Gay minister and 1 in 6 threaten to quit

Now this is weird. There is a gay Church of Scotland minister – well I’m sure there are many, many more than one but he is the one who is open and living with his partner. He goes for a job to a church in Aberdeen and is all open and above board about his situation. The church are fine about it and everyone lives happily ever after.

But no! Other ministers start to complain. The Presbytery complained. A poll done by The Times shows that 1 in 6 of the ministers they asked say they may resign if he stays.

Let’s go back a minute… the congregation are fine about it. OK? They have no problem. So what on earth does it have to do with all these others?

My heart goes out to this minister who is being villified for being honest and open. Tell me where you find that in Scripture.

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22 thoughts on “Gay minister and 1 in 6 threaten to quit

  1. Jesus was hanged for being honest and open, Stephen was stoned. Maybe the Church still needs martyrs after all. You have to ask, though, what these other ministers feel frightened of.

  2. Yes, well, quite. I think the pressing question is why this paricular case has gained so much (negative) publicity.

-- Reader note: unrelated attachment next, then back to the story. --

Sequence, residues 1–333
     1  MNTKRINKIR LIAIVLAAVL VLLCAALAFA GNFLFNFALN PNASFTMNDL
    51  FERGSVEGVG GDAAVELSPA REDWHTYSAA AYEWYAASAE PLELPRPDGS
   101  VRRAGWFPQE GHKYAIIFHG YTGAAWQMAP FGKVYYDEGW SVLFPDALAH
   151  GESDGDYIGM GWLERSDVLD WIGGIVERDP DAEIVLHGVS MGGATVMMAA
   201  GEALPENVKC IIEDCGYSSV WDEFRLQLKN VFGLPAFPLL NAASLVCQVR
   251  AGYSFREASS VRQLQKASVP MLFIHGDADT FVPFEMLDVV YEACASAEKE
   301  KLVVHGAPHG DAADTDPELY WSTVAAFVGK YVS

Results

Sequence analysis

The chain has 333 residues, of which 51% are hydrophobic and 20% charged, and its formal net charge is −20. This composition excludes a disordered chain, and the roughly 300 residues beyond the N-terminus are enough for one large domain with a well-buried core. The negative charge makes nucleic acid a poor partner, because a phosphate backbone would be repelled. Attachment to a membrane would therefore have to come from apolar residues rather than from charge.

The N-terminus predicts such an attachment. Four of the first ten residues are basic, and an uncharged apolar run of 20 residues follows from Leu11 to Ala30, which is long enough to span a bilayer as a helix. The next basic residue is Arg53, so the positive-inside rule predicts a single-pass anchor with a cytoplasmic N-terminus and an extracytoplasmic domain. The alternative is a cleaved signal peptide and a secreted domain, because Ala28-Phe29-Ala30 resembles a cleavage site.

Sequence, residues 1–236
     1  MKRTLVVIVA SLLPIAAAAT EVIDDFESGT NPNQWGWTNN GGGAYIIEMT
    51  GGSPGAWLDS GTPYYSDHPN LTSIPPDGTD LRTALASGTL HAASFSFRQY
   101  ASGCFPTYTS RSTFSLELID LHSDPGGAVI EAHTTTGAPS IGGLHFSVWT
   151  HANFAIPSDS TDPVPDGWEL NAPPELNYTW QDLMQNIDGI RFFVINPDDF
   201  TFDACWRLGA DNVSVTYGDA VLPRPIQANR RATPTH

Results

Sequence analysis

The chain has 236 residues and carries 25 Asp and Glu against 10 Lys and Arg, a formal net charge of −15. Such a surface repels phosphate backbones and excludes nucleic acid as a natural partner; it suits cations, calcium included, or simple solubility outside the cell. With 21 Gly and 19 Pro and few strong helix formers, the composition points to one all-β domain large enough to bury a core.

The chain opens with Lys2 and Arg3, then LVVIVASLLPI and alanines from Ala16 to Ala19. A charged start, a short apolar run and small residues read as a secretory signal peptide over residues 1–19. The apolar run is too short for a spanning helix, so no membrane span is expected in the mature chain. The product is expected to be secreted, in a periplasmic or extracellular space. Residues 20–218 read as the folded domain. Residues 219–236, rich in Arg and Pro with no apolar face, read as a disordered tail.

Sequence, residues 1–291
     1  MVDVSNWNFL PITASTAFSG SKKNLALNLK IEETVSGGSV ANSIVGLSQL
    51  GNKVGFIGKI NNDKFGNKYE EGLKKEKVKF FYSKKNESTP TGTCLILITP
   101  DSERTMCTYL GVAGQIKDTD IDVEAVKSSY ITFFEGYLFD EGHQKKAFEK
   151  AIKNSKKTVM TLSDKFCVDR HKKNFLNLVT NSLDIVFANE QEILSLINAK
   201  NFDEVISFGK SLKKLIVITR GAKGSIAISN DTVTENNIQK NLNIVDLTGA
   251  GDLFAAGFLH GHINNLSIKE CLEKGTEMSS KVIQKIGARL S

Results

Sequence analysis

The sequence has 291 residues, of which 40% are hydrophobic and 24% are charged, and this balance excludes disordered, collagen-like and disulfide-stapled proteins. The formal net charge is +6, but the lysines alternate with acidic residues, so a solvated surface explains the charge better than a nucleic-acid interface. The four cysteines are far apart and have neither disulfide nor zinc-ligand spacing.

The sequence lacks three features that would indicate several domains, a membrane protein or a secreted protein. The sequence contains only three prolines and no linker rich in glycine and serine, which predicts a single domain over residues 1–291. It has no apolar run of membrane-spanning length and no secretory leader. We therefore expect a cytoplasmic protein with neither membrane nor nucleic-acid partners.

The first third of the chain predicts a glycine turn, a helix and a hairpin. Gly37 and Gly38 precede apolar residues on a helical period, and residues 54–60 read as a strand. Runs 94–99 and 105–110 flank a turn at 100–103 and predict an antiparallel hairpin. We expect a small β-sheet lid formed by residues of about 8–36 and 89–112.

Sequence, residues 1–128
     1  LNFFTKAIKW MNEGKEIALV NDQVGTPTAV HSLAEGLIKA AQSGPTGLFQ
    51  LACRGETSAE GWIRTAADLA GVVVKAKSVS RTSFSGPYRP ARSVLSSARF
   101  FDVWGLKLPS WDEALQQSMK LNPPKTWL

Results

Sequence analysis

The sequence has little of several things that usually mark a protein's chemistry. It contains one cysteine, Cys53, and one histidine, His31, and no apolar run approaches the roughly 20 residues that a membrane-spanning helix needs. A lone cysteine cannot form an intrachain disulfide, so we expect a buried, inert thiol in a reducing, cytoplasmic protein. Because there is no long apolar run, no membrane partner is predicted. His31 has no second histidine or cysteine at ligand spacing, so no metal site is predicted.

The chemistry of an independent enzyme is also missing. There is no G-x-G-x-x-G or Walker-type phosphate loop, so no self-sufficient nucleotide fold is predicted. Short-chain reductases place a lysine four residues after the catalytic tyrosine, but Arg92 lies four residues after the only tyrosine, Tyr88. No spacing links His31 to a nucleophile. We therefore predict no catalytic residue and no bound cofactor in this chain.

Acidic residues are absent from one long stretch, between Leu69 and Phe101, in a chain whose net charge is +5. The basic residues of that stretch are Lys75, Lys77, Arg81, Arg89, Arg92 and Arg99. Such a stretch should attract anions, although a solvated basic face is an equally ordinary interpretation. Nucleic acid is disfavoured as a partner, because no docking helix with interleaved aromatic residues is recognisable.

Even though things are done differently in the CoS, they can still say `he was measured on several metrics and found to be the best for the post’.

    There’s a more sensible comment in this month’s _Life and Work_ editorial about it as well.

  3. Tell me where you find that in Scripture.

    Only a semi-serious thought, maybe more a ramble, but: maybe you find it in the Old Testament with its eye-for-an-eye / stone-everybody rule of Law. Then you find it in the NT, where the system of grace conflicts with a society that’s used to working in terms of honour/shame such as the Mediterranean culture was. Then you read both as a reflection of people’s leanings at the time of writing, perhaps as a need for a separatist cultural identity (eg “when in the desert, don’t marry into the surrounding tribes – literally or metaphorically”).

    Then I wonder what it feels like to have a cultural change happening around you – apart from something blatant like a Babylonian throwing a brick through your window and carting you away for a few years, would you notice something as defendable-by-committee as “let’s build a calf, to focus our worship, and use gold to symbolize its worth”? On a severity scale 1-10, surely these things are different, but where does zeitgeist-awareness of semi-post-modern progressive-v-conservative religio-politics fit in? Do we all try to define ourselves as identities all the time anyway?

    Ramble off, for now 🙂

  4. I find is quite a difficult concept that the church might still need martyrs in any way at all. I think that violence and discrimination are just plain wrong in the life of the church.